New Paint on Worn Walls
I feel your pain from afar.
Breach of trust on any level is hard to bear,
but that breach between intimates is unbearable
and the inner tumult that it leads to is disarming
and destructive to one’s heart, body, and soul.
As much as you may feel that you will never
trust anyone else again, you more than likely
will, at some point. And that individual will
earn their worthiness of your trust. Your arc
of healing may be quicker than most because
you are going about particulars in a rather
cogent and scrupulous manner. It took
considerable courage for you to confront
your wife’s lover. I would imagine that was
freeing to a large extent. Simple things carry
such weight during trying times such as these:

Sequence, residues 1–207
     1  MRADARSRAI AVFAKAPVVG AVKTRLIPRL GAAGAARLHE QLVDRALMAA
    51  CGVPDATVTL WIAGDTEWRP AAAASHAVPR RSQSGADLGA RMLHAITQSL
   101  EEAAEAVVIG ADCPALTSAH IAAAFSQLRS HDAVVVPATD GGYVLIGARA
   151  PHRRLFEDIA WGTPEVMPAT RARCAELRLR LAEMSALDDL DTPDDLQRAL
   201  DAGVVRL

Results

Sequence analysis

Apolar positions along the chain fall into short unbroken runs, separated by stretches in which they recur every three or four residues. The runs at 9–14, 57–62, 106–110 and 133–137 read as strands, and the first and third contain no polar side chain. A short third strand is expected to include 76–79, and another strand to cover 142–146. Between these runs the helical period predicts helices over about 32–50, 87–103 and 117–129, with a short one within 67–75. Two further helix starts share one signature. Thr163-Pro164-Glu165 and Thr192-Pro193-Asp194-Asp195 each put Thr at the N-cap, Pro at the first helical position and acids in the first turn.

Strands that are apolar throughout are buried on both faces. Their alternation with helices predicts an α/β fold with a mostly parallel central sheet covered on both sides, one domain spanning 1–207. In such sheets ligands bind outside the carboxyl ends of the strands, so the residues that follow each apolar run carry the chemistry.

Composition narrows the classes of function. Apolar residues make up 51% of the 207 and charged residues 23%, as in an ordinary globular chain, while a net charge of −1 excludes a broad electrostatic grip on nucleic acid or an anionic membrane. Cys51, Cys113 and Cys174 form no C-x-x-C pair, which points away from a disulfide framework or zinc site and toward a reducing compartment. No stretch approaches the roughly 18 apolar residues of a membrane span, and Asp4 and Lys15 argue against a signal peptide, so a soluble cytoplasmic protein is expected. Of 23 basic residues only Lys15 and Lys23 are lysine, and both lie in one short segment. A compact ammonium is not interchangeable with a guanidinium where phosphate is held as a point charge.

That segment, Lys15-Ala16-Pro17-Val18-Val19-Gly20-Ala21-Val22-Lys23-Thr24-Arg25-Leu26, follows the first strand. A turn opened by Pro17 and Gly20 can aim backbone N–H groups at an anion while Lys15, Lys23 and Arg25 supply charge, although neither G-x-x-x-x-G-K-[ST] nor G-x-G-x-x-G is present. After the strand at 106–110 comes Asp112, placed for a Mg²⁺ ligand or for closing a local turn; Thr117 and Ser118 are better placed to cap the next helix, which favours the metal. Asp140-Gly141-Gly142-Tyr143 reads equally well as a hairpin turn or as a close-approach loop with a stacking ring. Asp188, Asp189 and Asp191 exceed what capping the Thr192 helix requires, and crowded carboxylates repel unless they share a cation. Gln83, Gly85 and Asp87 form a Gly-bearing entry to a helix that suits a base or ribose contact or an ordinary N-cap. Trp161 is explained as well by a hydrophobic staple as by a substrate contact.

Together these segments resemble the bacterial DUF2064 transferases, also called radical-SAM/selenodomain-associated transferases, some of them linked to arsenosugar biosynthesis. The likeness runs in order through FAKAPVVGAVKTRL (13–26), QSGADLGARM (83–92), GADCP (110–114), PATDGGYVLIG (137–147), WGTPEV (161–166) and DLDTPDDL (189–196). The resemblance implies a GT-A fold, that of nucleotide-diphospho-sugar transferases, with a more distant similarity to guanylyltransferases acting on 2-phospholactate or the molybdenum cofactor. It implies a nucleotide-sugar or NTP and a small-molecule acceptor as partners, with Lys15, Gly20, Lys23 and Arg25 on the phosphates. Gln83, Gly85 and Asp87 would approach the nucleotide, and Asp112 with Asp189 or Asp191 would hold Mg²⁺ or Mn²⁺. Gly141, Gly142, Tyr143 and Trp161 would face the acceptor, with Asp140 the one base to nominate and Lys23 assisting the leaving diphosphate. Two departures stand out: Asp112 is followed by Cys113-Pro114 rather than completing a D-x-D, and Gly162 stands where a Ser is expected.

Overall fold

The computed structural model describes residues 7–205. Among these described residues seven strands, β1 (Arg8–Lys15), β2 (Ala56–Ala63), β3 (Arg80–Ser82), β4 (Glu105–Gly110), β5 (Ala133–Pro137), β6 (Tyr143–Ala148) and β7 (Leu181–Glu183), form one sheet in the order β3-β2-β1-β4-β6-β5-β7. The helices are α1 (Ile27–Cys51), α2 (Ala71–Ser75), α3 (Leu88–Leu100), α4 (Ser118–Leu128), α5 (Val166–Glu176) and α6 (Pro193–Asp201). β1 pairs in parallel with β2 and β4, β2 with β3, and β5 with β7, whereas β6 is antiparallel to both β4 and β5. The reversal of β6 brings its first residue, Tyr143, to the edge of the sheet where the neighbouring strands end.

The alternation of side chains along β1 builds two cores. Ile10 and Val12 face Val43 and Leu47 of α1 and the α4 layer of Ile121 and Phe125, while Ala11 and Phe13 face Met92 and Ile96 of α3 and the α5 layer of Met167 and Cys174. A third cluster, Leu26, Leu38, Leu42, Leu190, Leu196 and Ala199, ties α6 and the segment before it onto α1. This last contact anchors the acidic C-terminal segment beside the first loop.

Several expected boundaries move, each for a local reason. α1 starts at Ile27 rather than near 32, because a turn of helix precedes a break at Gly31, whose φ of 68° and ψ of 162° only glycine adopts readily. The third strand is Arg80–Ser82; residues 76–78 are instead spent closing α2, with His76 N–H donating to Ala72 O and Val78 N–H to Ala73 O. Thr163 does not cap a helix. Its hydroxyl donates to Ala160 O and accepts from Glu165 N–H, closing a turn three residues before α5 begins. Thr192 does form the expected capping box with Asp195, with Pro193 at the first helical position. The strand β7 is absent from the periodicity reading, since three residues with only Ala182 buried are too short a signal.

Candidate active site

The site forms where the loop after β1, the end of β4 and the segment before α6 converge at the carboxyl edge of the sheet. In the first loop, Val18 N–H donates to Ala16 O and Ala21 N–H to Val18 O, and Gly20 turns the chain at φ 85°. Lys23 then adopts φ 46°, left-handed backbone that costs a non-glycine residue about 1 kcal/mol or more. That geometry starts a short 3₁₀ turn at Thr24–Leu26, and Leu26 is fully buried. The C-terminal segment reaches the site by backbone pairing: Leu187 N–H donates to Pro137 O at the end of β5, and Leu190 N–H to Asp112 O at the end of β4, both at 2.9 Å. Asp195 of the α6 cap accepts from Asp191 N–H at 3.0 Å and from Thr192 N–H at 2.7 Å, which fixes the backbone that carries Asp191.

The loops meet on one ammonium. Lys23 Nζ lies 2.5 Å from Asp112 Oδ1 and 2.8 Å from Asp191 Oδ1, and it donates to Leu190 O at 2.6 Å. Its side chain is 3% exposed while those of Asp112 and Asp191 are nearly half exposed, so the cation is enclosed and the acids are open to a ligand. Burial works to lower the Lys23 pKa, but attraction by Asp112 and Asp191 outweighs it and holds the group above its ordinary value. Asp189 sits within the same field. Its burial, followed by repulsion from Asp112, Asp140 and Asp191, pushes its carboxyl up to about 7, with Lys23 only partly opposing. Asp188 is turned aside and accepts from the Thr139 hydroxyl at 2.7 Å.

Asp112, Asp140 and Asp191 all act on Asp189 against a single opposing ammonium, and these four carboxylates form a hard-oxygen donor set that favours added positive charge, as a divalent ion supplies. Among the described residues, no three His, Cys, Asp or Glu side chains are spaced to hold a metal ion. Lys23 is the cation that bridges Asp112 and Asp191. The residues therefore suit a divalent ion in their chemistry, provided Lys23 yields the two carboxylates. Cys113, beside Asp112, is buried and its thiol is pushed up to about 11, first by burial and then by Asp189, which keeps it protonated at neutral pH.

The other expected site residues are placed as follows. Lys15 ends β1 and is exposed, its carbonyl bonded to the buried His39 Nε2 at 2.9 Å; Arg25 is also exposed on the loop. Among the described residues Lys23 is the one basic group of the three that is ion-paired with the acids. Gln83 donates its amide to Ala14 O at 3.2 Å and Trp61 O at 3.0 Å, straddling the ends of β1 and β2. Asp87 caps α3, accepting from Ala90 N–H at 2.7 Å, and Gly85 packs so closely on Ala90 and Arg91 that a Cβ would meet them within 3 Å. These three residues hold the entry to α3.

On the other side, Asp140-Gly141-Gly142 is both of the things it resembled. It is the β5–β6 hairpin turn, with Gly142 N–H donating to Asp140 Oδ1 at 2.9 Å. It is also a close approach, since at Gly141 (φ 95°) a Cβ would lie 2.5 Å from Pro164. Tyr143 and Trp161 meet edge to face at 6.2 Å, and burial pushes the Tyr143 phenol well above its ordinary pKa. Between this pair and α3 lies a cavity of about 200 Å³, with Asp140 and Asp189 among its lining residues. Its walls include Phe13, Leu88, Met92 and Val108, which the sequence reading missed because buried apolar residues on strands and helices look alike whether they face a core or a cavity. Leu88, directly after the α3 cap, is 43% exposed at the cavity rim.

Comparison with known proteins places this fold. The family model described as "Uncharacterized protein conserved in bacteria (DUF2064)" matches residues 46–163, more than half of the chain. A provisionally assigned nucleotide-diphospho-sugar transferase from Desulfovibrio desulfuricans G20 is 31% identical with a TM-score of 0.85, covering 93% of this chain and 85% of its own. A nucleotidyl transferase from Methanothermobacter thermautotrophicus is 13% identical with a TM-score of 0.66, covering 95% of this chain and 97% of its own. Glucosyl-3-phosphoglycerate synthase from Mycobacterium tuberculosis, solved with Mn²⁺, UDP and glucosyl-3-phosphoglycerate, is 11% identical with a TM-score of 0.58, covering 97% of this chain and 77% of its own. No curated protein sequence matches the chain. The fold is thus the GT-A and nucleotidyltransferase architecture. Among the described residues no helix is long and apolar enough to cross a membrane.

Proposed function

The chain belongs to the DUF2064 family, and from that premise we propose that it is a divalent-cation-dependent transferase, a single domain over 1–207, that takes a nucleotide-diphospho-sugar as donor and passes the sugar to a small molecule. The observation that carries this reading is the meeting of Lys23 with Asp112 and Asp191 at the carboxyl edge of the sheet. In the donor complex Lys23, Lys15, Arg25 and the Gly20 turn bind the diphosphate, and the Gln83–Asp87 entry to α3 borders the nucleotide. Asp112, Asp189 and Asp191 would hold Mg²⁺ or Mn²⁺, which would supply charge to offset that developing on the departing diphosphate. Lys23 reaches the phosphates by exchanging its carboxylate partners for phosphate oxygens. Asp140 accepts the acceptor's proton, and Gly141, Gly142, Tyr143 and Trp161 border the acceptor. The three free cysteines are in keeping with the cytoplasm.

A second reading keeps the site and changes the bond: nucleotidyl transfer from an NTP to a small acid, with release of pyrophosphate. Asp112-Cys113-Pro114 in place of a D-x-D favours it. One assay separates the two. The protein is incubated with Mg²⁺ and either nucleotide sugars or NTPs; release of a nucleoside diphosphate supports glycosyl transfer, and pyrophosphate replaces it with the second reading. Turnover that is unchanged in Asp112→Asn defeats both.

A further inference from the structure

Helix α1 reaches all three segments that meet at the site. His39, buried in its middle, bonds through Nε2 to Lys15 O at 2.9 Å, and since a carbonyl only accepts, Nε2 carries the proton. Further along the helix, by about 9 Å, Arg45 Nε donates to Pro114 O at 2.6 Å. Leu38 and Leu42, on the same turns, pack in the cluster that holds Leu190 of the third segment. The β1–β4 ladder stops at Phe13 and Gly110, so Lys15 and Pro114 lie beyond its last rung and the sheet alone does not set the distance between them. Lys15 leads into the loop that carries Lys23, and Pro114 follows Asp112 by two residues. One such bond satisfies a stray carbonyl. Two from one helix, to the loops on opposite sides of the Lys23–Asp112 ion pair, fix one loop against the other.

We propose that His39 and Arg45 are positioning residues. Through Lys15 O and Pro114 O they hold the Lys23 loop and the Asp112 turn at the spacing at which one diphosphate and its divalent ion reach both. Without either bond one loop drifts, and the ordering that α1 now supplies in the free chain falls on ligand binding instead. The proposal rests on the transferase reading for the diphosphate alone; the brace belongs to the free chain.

groceries, bike rides, applying new paint
on worn walls. The newness is acting as
a kind of forgetting so you can remember
what it is like to feel alive and at peace again.
Process in times like this appears to exhibit
a protracted sense of drag to you
and the world around you, but process speeds
up when you least expect it and brings you
round again to a new sense of health, slowly,
incrementally, and although
you may not be aware of it you are brought
round again to a fresh resolve,
a restored way of seeing. It happens. It will
happen more often. You will heal.
Wally Swist’s books include Huang Po and the Dimensions of Love (Southern Illinois University Press, 2012); The Daodejing: A New Interpretation, with David Breeden and Steven Schroeder (Lamar University Literary Press, 2015); and Invocation (Lamar University Literary Press, 2015). His forthcoming books are The Windbreak Pine (Snapshot Press, 2016), The View of the River (Kelsay Books, 2017), and Candling the Eggs (Shanti Arts, LLC, 2017).